A HISTORY OF THE PARISH AND THE PARISH CHURCH OF OADBY
A burial ground was found on Brocks Hill in 1760 and it is thought to date from an Anglian settlement around 550AD. Oadby has therefore been inhabited for over 1400 years. As the name ends “..by”, Oadby must have become a Danish or Viking settlement, in common with many others in Leicestershire. In about 920AD, King Alfred the Great won a series of battles to drive out the Viking settlers – and one of these battles may well have been near Oadby.
King Harold (the last Saxon King of England) was succeeded by William the Conqueror after the Battle of Hastings in 1066 AD. A few years later, the settlement was recorded as being called “Aldebi” and then “Oladebi”, “Outherby”, Onderby” and finally Oadby in modern times.
William made his loyal friend, Hugh de Grandmesnil, the Lord of 100 English Manors mainly in Leicestershire and he founded the Parish Church on the present site of St Peter’s. Possibly, the only recognisable part of this original Norman building is a pair of carved stone squares which can be seen half way each side of the tower outside.
The Norman building was reconstructed and enlarged and the present tower and spire are believed to date from about 1275 AD. The chancel has been much renewed but probably dates from about 1300. The 14th century church had a steep roof, as can be seen on the wall of the tower inside the church. This was altered in the 15th Century (possibly soon after 1400) when the four pairs of tall elegant Perpendicular arcades were built on each side of the nave. An unusually tall clerestory with a flatter roof was also added at about this time. The church seems to have continued like this until about 1880 when the North Aisle was extended to form the vestry.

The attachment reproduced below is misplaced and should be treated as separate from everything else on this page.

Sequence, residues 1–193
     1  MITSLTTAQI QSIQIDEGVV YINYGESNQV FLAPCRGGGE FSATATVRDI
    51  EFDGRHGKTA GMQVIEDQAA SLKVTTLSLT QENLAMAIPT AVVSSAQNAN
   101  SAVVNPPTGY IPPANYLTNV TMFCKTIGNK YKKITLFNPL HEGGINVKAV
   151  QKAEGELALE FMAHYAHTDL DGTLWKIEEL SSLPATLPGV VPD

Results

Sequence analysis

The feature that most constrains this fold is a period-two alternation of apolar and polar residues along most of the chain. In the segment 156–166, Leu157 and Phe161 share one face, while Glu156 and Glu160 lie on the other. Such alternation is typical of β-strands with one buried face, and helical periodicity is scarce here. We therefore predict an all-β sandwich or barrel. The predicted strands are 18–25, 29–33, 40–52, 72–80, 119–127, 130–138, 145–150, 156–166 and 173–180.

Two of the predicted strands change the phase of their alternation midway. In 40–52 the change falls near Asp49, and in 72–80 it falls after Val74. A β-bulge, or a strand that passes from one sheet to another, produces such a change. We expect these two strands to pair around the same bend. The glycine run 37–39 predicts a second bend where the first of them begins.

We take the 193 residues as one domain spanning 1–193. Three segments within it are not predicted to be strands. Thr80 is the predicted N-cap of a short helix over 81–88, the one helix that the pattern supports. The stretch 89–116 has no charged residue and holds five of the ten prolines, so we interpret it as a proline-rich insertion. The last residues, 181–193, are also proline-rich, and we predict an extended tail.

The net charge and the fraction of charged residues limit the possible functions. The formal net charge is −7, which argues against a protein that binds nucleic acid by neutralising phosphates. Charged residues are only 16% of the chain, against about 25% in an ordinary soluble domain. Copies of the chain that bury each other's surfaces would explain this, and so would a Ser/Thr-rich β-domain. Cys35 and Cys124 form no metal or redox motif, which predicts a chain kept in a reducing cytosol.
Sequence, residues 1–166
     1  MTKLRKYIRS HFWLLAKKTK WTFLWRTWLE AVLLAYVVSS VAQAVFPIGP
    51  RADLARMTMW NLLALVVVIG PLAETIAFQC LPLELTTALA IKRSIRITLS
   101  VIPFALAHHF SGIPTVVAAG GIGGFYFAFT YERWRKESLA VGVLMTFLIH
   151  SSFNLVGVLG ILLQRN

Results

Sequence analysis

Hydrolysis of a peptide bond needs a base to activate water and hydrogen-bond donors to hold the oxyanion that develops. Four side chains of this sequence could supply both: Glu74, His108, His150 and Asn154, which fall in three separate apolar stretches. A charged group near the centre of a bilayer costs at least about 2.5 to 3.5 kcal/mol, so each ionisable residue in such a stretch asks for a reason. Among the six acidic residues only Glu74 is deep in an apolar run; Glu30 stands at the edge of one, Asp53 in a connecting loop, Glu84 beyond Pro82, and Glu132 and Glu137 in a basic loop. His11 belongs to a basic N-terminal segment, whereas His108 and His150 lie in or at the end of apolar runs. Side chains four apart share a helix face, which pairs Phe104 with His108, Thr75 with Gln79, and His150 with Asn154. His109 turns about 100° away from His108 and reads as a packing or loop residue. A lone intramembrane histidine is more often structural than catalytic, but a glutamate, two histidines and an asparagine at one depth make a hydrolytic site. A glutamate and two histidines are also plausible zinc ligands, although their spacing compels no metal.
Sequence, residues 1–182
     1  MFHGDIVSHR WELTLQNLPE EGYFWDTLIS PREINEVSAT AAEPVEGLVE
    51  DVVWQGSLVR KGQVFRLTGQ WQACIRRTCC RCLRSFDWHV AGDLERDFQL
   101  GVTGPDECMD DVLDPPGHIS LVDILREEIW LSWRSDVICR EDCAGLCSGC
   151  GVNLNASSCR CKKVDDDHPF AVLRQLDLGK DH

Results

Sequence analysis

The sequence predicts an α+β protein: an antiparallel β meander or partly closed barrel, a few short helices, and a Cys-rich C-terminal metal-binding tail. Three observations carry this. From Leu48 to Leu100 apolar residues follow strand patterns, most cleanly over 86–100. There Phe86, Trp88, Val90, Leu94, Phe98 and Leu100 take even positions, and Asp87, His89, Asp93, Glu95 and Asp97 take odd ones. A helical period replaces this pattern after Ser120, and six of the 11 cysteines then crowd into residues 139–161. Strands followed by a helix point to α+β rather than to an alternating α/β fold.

In 1927, structural damage to the tower called for drastic repairs. Public subscription raised the money to inject 13 tons of concrete through over 3000 holes into the walls. Two ring beams and a concrete floor beneath the bells added to the stability of the tower. The North wall of the chancel needed to be rebuilt in 1964 and ten years later the South side required similar treatment.
From Victorian times until 1987, seating took the form of fixed pews in the Nave with moveable chairs in the aisles. However, extensive problems with rot provided the incentive to re-order the church for contemporary congregations. The church was closed for three months while the work took place but worship continued across the road in St Peter’s Centre.
The floor of the Nave was removed, filled and surfaced with wooden blocks. Chairs were provided throughout to enable a more flexible use of the church. The Lady Chapel was restored with a fine new screen. An aumbry for reservation of the Blessed Sacrament was installed in the North Wall of the Chancel. The heating system was modified and an induction loop installed to improve audibility for those with hearing aids. The communion can now be celebrated at the original High Altar, or at the Chancel step or in the Lady Chapel.